Less than one week before the release of my new book, The Convenience Revolution: How to Deliver a Customer Service Experience That Disrupts the Competition and Creates Fierce Loyalty, so I thought it appropriate to share some thoughts on how being easy – or convenient – can give you a competitive advantage over your competition. […]
Less than one week before the release of my new book, The Convenience Revolution: How to Deliver a Customer Service Experience That Disrupts the Competition and Creates Fierce Loyalty, so I thought it appropriate to share some thoughts on how being easy – or convenient – can give you a competitive advantage over your competition.
When your customers can buy what you sell from others, that’s called competition. That also makes it a commodity. If they’re selling the same thing, why should I buy from one company over another? Is it the quality of the product? Is it the price? Is it the customer service?
Your customers want your product to meet their expectations. And, let’s assume it does. Your customers also expect to receive a positive customer service experience. That’s no longer an option. Everyone is striving to create a good experience, at every level. That means, in most situations, your competition is trying to do what you do. So, what happens when you and your competition seem to be similar in quality, price and service? What then? How can you stand out?
Add one more layer of customer experience, a convenient experience, and you can take the business away from your competitor. In other words, be easier to do business with. No friction and no hassle. And, that leads to this very important point:
When great customer service meets convenience, you have the recipe for disruption.
I was talking to the manager of the service and repair center at a major brand automotive dealership. He was trying to find ways to keep his customers coming back to his dealership versus going to an independent repair center. Even with promotions that made their prices competitive with independent repair centers, he struggled to keep his customers. The dealership’s hours of operation were Monday through Friday from 7:30 am to 5:30 pm. The competitor was open Monday through Friday from 7:30 am until 9:00 pm, as well as hours on Saturday and Sunday. It’s obvious who was more convenient. And, it’s no surprise that the independent repair center is always busy.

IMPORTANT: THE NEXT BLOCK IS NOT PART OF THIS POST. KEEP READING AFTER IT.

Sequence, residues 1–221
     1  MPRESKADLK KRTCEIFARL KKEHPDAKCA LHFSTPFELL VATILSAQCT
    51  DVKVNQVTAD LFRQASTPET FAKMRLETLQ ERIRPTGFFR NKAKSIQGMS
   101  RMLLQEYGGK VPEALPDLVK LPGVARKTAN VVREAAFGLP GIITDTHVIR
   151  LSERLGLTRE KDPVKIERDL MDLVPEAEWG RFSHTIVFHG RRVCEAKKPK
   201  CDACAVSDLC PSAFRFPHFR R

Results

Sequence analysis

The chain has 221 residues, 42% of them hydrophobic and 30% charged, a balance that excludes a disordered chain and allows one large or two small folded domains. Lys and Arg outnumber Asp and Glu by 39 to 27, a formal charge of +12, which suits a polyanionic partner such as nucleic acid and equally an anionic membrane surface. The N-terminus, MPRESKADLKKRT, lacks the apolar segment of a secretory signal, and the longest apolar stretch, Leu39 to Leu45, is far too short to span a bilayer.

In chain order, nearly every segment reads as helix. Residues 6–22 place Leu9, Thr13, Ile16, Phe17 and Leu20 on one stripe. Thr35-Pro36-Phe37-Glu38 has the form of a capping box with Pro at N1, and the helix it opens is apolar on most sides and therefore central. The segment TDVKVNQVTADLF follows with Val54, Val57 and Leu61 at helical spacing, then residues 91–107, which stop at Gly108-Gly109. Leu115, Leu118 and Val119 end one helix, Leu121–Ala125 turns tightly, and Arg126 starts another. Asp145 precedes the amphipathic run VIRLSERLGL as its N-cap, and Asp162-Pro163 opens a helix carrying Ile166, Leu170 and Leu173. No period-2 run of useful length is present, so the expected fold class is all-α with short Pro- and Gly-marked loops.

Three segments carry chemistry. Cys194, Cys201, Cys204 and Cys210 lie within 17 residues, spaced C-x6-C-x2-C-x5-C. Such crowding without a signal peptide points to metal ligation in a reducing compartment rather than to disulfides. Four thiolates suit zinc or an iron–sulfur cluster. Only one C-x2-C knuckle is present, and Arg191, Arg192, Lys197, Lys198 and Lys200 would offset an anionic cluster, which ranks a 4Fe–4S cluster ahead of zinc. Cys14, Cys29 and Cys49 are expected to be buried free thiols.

Now, I’m not suggesting that the major dealership needs to be open seven days a week, but they should consider hours of operation that are more convenient for their customers.
Within two miles of my home, there are three big-box home improvement stores. They are huge. Two are next door to each other and one of them is directly across the street. And just down the street, there is a much smaller independent Ace Hardware store. You might think these big-box stores with a bigger selection and lower prices would put the Ace Hardware store out of business, but they don’t. When you talk to the customers, many say the same thing, which is something like, “They are just easier to do business with.” What they mean is there is a smaller parking lot with less traffic. And, a smaller store that is easier to get around. Great service, which the competitors also offer, with a more convenient experience, which the competitors don’t offer, is one of the reasons this Ace Hardware store stays in business.
The point is this. All things being equal, if your company is easier to do business with, and the customer knows it, you can win.
Shep Hyken is a customer service expert, keynote speaker, and New York Times bestselling business author. For information, contact 314-692-2200 or www.hyken.com. For information on The Customer Focus™ customer service training programs, go to www.thecustomerfocus.com. Follow on Twitter: @Hyken
(Copyright © MMXVIII, Shep Hyken)
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